Identity and access management (I&AM) is critical to modern business, used to block unauthorised access to critical systems. It has become even more important this year, with the transition to remote working in practically every industry.
According to new research for Computing Delta, conducted with more than 170 UK IT leaders, I&AM is now more important, more widespread and more reliant on the cloud than it was in January this year.
The coronavirus pandemic has dramatically changed how companies value I&AM. Businesses have had to re-evaluate their existing deployments in the face of rising remote working; what is suitable for a single-perimeter office might not be appropriate when everyone is working from home.
With staff more dispersed, and using a variety of devices and apps that IT sometimes struggle to see - let alone control - ensuring security is vital. Identity and access management software is a key part of this, ensuring that people are who they say they are, and they're authorised to use the systems they're trying to access.
Nearly two-thirds of our respondents agreed that I&AM had become more important over the last six months, and over a third were using their existing tools in new ways. A similar proportion said they were using their I&AM in the cloud more than previously.
Like other business tools, more firms are looking to the cloud as a deployment environment for I&AM, and it is starting to overtake on-premises systems: 28 per cent of respondents used cloud as a deployment environment, versus 27 per cent using on-prem. In our survey last year, on-prem deployments were second only to hybrid systems: 32 and 36 per cent, respectively, with cloud at 20 per cent.
Hybrid cloud remains the most popular type of deployment in 2020, which probably speaks to the nature of security. As one IT leader said:
"You end up doing both, because if you have resources in the cloud you need to have identity management in the cloud. You can't manage your cloud resources without a cloud-based identity management system or capability, and equally your on-prem resources will need on-prem."
We went on to ask about I&AM plans over the next 12 months. Again, the rising importance of identity and access management led the responses.
More respondents had plans to move to the cloud (42 per cent) than had already done so in the last six months (36 per cent). That's no surprise, as companies have had time to reflect and build a plan of action going forwards. It appears that for many, remote working is here to stay and they have realised the need to defend their newly dispersed IT estate.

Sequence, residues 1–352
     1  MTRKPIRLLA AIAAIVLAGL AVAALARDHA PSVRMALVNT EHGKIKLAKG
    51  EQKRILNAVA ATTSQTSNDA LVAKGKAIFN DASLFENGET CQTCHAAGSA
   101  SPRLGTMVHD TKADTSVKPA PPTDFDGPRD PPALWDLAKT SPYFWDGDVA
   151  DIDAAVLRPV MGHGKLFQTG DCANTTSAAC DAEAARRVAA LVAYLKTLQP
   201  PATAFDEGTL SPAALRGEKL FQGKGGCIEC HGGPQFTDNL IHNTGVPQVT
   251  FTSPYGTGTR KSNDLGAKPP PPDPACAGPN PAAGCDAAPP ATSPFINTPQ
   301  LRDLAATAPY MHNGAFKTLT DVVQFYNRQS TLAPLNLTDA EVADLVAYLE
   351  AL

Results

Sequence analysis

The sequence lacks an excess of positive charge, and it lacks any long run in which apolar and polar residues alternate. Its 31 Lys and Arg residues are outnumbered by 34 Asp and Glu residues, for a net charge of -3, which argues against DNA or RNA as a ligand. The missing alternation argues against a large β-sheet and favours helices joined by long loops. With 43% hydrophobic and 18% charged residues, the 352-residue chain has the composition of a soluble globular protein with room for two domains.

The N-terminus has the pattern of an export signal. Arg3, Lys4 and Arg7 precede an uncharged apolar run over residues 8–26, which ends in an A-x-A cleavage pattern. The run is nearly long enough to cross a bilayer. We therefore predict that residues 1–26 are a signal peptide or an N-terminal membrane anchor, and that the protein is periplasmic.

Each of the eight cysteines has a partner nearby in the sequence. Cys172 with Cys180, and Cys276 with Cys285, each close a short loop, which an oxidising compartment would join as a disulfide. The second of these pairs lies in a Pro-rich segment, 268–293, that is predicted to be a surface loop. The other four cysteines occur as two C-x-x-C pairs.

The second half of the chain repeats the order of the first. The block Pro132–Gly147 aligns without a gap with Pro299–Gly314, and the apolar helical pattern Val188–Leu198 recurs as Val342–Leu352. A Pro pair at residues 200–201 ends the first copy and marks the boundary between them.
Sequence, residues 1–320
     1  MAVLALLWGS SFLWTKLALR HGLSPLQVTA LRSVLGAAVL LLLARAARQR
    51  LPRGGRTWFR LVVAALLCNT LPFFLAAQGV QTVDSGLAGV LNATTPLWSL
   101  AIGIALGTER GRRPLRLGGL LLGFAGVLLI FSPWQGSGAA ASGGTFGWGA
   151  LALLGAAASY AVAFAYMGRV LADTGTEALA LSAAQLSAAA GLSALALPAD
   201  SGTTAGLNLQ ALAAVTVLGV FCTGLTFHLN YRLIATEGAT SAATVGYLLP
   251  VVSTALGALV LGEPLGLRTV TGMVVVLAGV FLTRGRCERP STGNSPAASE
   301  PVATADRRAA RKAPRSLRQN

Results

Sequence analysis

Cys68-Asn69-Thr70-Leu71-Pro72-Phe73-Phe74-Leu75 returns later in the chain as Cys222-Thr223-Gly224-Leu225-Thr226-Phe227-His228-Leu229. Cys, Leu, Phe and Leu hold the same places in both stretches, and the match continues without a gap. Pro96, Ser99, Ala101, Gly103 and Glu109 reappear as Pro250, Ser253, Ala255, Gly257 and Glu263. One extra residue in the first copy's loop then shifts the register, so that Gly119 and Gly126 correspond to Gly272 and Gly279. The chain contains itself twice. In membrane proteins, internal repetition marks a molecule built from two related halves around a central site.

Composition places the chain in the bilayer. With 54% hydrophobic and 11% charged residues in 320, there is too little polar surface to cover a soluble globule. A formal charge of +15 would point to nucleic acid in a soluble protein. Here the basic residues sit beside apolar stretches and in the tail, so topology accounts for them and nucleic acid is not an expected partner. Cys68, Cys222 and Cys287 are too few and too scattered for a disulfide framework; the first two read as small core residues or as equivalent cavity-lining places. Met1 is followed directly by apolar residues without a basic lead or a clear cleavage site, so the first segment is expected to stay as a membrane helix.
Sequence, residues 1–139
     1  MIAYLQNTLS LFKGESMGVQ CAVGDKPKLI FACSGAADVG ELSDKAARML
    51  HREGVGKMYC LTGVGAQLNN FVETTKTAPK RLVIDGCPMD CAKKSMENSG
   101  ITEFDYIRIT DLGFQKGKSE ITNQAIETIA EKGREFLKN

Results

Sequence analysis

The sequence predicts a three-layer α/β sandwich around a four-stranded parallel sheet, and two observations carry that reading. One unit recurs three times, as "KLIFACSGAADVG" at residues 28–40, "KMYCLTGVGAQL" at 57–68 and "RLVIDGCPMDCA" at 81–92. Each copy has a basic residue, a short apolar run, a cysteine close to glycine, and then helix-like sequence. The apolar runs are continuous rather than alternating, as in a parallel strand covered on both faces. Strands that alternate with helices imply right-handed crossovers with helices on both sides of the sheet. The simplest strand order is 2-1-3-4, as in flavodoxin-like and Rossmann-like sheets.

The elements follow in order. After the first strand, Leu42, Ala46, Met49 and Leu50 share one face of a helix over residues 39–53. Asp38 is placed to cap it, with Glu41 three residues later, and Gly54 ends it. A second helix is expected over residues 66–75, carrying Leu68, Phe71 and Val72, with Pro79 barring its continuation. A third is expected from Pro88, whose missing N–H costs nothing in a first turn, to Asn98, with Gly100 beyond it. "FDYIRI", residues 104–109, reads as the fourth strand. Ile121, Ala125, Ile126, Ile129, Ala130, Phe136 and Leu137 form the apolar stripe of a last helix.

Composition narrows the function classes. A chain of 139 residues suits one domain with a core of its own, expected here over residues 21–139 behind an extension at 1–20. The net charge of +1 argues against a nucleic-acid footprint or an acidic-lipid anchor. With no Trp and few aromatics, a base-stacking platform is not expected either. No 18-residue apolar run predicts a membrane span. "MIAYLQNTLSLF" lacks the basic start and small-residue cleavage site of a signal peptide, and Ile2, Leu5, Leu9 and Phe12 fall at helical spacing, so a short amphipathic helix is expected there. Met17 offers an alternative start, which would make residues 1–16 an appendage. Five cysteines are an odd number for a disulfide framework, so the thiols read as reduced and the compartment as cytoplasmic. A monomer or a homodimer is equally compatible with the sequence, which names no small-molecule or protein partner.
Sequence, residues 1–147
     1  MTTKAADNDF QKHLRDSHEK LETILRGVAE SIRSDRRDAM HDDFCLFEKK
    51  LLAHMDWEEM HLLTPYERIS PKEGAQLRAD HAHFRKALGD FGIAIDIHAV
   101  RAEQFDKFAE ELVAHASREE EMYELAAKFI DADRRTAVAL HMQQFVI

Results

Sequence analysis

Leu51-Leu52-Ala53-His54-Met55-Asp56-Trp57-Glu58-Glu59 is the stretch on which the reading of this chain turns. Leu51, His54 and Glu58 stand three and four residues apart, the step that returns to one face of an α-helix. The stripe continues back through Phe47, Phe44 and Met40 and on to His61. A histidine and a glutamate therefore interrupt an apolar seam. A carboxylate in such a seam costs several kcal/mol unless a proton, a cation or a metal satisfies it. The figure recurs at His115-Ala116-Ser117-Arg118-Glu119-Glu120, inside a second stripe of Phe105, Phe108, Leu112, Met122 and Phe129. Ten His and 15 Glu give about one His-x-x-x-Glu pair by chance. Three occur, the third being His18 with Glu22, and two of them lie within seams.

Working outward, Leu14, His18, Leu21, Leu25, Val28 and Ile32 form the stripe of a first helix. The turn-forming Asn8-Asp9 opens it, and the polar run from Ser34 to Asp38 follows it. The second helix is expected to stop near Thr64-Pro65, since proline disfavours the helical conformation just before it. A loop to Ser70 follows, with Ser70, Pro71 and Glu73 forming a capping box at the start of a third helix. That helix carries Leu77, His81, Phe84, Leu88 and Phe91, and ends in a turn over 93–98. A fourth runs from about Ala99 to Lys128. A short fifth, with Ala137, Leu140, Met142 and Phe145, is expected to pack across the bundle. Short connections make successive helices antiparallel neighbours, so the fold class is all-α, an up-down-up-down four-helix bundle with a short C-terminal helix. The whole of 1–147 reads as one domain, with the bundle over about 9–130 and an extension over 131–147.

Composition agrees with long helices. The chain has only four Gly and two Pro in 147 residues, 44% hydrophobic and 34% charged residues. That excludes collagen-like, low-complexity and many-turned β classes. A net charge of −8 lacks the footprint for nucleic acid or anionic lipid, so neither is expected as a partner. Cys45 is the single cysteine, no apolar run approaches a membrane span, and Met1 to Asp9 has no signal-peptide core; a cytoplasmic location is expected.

Cloud vendors strike big
As cloud grows, it benefits the vendors you might expect: Microsoft, AWS and Google; as one respondent put it, "If you use their cloud product, you need their identity management product." But the biggest winner this year has been Okta.
From sixth place in the ‘in production' metric last year, Okta's cloud-first and vendor-agnostic approach has accelerated it to second place this year. It has doubled its market share, and also climbed in the awareness and trialling metrics.
However, because Microsoft's Active Directory dominates the I&AM market so heavily - mostly due to its default inclusion in most of Microsoft's enterprise tools - Okta's share still only stands at eight per cent, versus first-place Microsoft's 69 per cent.
AWS, RSA and Google all performed reasonably well at the trialling stage (16, 14 and 11 per cent of respondents had tested their products, respectively), but like Okta could not compete with Active Directory, and only reached single-digit production figures.
To summarise: the coronavirus pandemic has affected the market for identity and access management solutions as much as it has for any business tool. Demand has spiked thanks to the surge in remote working, and vendors with a cloud-first approach like Microsoft, AWS and Okta are seeing big benefits.
We originally presented this research during Deskflix: Identity & Access Management; you can watch the presentation, as well as other sessions, on catch-up now.
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